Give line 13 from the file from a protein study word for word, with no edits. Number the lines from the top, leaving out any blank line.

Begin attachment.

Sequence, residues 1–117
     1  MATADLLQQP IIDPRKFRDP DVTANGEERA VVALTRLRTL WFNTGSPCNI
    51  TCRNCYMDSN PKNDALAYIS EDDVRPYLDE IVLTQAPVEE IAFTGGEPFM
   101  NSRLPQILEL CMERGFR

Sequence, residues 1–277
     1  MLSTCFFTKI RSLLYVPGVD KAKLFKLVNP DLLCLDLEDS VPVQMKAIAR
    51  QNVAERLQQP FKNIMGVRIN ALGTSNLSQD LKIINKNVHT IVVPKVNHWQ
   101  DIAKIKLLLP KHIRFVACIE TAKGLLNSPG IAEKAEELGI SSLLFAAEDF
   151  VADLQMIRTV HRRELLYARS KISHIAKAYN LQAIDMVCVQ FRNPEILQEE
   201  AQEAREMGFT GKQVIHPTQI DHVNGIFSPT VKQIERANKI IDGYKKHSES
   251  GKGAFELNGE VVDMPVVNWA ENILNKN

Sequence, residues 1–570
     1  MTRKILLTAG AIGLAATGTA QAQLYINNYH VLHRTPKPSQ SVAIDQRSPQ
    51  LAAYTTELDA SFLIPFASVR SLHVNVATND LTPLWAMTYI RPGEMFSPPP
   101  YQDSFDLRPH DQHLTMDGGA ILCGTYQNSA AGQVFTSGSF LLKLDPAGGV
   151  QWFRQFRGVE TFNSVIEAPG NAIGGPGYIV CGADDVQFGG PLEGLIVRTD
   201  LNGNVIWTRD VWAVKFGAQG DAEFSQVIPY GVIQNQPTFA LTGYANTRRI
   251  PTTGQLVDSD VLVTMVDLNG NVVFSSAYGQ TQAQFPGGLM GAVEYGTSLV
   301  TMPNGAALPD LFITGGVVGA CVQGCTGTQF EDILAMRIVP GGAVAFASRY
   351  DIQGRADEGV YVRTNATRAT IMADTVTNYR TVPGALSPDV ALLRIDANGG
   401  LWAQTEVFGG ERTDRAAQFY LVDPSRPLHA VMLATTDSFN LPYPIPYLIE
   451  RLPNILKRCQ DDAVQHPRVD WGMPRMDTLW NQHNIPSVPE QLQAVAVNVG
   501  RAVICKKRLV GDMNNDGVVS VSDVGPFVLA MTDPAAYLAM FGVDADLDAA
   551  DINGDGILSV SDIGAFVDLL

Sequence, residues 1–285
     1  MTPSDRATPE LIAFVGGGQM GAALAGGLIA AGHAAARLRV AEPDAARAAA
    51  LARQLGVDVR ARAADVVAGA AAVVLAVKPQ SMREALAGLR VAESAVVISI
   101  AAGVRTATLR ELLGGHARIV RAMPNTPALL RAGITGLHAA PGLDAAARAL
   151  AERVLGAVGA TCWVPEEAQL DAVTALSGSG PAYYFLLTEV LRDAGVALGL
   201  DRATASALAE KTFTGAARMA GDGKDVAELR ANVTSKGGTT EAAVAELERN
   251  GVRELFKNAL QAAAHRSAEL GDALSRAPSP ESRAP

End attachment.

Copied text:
     1  MTRKILLTAG AIGLAATGTA QAQLYINNYH VLHRTPKPSQ SVAIDQRSPQ